Practice Scrimshaw Sperm Whale’s Tooth, Mid-19th Century

Description
This two-sided carved whale’s tooth is a rare and unusual practice piece by an accomplished scrimshaw artist. Instead of a finished tooth with fully developed scenes, the artist used the smooth sides of a polished tooth to try out several unrelated subjects in different scales, much like a painter’s sketchbook might show preliminary details in advance of a larger composition. On one side is a revolver, below which are the initials “F.B.” and an open pocket watch and chain. Under that is a fish in profile, above an intricate shoreside scene that wraps around to the other side of the tooth. A well-dressed man in a 19th century wheelchair is on the edge. On the other side are two machines, one of which is a steam cart on wheels. An unfinished lady’s dress is on the bottom, and in the middle of this side are the words “CEDAR CAMPHOR”.
The tooth very clearly demonstrates the pinprick technique used by scrimshanders to engrave their subjects. With this method, artists cut an engraving out of a magazine and pasted it onto a smooth whale’s tooth. Then they pushed a sharp pin through the engraving’s lines, after which the paper was washed off. The scrimshander then connected the dots and rubbed pigment(usually lamp soot) into the engraved lines to make them stand out.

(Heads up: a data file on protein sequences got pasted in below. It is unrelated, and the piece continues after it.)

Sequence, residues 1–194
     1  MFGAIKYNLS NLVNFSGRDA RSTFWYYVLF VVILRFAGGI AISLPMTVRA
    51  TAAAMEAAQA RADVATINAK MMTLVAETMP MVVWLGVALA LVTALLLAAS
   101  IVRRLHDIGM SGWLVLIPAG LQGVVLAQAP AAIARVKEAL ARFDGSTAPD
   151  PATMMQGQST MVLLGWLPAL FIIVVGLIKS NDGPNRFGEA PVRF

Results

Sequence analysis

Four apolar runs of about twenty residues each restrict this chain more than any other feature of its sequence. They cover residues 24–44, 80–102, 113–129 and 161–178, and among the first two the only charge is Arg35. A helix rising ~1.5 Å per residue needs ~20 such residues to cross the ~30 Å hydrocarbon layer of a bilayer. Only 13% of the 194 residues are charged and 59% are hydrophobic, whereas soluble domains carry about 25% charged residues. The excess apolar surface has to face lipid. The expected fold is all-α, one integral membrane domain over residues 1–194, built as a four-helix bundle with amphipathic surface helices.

Location
Currently not on view
Physical Description
scrimshaw (overall production method/technique)
tooth (overall material)
Measurements
overall: 5 3/8 in x 3 3/8 in x 1 3/4 in; 13.6525 cm x 8.5725 cm x 4.445 cm
ID Number
DL.374505
catalog number
374505
accession number
136263
Credit Line
Gift of Frederic A. Delano
subject
Whaling
See more items in
Work and Industry: Maritime
Cultures & Communities
Art
Scrimshaw
Transportation
Data Source
National Museum of American History, Kenneth E. Behring Center

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